Did Chicago Cubs make mistake in non-tendering Rondon?

WASHINGTON, DC - JUNE 14: Hector Rondon
WASHINGTON, DC - JUNE 14: Hector Rondon /

Héctor Rondon has been more than reliable for the Chicago Cubs. Come 2018, they could miss his presence in their bullpen.

Friday night, several reports announced that the Chicago Cubs would not tender Héctor Rondon a contract for the 2018 season. Rondon, 29, will become a free agent.

The Cubs attempted to trade Rondon before Friday’s deadline to tender him a contract. Realistically, there are a few reasons why the team found no suitors and why they did not re-sign Rondon themselves.

All-around struggles in 2017

First and foremost, Rondon had an up-and-down 2017 season; in 61 games (57 1/3 innings), he had a 4.24 ERA. He also suffered career highs in runs (30) and home runs (10) allowed.

More from Cubbies Crib

Outside of his numbers, Rondon dealt with injuries in August and September that sidelined him for several weeks on each occasion. Rondon also strained his right tricep in August 2016, landing on the disabled list as a result.

After returning that September, Rondon posted a woeful 8.53 ERA in eight outings. Before the injury, he posted a 2.47 ERA for the season. One has to wonder if his decline in performance between seasons and the injury are correlated.

In addition to his numbers and injuries, Rondon made $5.8 million in 2017, and his salary was expected to rise to $6.2 million in 2018. Ultimately, all of these factors could have influenced the Cubs’ decision not to bring Rondon back for next season.

Rondon dominant during career

Despite all of this, the Cubs could regret letting Rondon go come next season. Although he did struggle at times in 2017, he has done more good than bad in his time with the Cubs.

From 2014-2016, Rondon posted ERAs of 2.42, 1.67 and 3.53, respectively. Of course, Rondon’s 2016 ERA is skewed, as it rose by more than a run in September alone.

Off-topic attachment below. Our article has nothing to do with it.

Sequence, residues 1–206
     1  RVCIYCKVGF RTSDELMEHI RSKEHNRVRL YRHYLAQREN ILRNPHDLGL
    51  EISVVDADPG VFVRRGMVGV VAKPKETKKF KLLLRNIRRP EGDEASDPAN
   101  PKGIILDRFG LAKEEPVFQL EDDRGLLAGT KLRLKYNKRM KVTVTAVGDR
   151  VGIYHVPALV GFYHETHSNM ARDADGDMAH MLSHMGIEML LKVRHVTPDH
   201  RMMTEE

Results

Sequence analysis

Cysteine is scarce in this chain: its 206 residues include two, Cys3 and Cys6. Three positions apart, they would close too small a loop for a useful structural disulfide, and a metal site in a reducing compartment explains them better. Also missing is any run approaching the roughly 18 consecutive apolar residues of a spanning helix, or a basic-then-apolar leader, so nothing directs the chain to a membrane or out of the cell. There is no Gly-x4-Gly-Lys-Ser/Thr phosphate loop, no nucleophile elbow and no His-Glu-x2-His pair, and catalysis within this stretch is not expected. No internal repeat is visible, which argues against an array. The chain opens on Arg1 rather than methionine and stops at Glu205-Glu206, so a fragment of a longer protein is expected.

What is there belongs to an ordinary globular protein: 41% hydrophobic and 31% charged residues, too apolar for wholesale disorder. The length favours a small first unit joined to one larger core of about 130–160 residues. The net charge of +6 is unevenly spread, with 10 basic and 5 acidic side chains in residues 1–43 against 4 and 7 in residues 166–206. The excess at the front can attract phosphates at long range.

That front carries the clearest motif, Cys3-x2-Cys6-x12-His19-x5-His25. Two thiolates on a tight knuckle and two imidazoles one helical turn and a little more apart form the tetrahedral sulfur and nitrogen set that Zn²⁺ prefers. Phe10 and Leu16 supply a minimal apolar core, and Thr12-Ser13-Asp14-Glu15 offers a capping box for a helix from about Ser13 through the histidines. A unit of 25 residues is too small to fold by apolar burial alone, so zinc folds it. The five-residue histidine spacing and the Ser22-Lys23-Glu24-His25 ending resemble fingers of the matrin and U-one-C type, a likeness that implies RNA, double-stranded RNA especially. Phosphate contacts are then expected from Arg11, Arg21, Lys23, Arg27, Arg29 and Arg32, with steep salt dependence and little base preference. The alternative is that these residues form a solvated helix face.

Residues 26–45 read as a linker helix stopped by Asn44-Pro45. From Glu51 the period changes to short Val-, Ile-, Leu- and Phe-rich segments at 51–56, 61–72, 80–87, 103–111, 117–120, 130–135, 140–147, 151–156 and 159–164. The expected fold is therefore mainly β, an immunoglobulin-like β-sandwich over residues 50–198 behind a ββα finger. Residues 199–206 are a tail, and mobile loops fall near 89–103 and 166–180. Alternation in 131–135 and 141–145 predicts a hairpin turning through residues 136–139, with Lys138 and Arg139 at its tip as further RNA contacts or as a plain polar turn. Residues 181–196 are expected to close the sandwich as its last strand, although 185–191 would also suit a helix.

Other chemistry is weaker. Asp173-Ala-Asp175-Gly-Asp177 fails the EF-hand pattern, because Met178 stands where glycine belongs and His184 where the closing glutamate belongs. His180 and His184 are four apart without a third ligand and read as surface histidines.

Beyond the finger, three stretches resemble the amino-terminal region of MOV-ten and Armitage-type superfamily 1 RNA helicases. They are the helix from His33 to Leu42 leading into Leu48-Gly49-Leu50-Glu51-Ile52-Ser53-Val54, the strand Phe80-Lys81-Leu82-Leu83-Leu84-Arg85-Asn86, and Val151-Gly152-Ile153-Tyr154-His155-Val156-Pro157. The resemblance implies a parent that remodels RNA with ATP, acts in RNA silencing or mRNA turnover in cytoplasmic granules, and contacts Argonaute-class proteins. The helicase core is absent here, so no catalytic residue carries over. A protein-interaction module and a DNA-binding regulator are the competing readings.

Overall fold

Furthermore, opponents hit just .218, .212, .225 and .233 off Rondon from 2014-2017, respectively. Realistically, he struggled in 2017 due to allowing the most walks and hits per nine innings since his rookie year.

In 2015 and 2016, Rondon walked 1.93 and 1.41 batters per nine innings and surrendered 7.07 and 7.41 hits innings per nine innings. In 2017, walked 3.14 batters per nine innings and surrendered 7.85 hits per nine innings.

Essentially, Rondon’s numbers increased across the board between the 2016 and 2017 seasons. Although 2017 was not his best campaign, it could simply be a blip on the radar in Rondon’s career.

Reliable late-game reliever

The Cubs have mostly used Rondon in late-game, high-leverage situations. He saved 29 games in 2014, 33 games in 2015 and 18 games in 2016 (before the Cubs acquired Aroldis Chapman). He has enjoyed tremendous success and has been a reliable arm during his tenure with the Cubs.

Rondon also presents the skill of merely being able to throw hard. His average four-seam fastball velocity in 2017 was 96.37 MPH. For the sake of comparison, the average MLB four-seam fastball velocity in 2017 was just 93.19 MPH.

Of course, there is much more to pitching than just throwing hard, and throwing hard does not necessarily make one a good pitcher. However, Rondon has the ability to throw hard and has enjoyed success with the Cubs.

Next: Maddon says Arrieta is not likely to return

Rondon did not perform as well in 2017 as he did in the past and his salary raise might have been too steep for the Cubs’ liking. Only time will tell if the Cubs made the right choice in not bringing Rondon back for 2018 and beyond.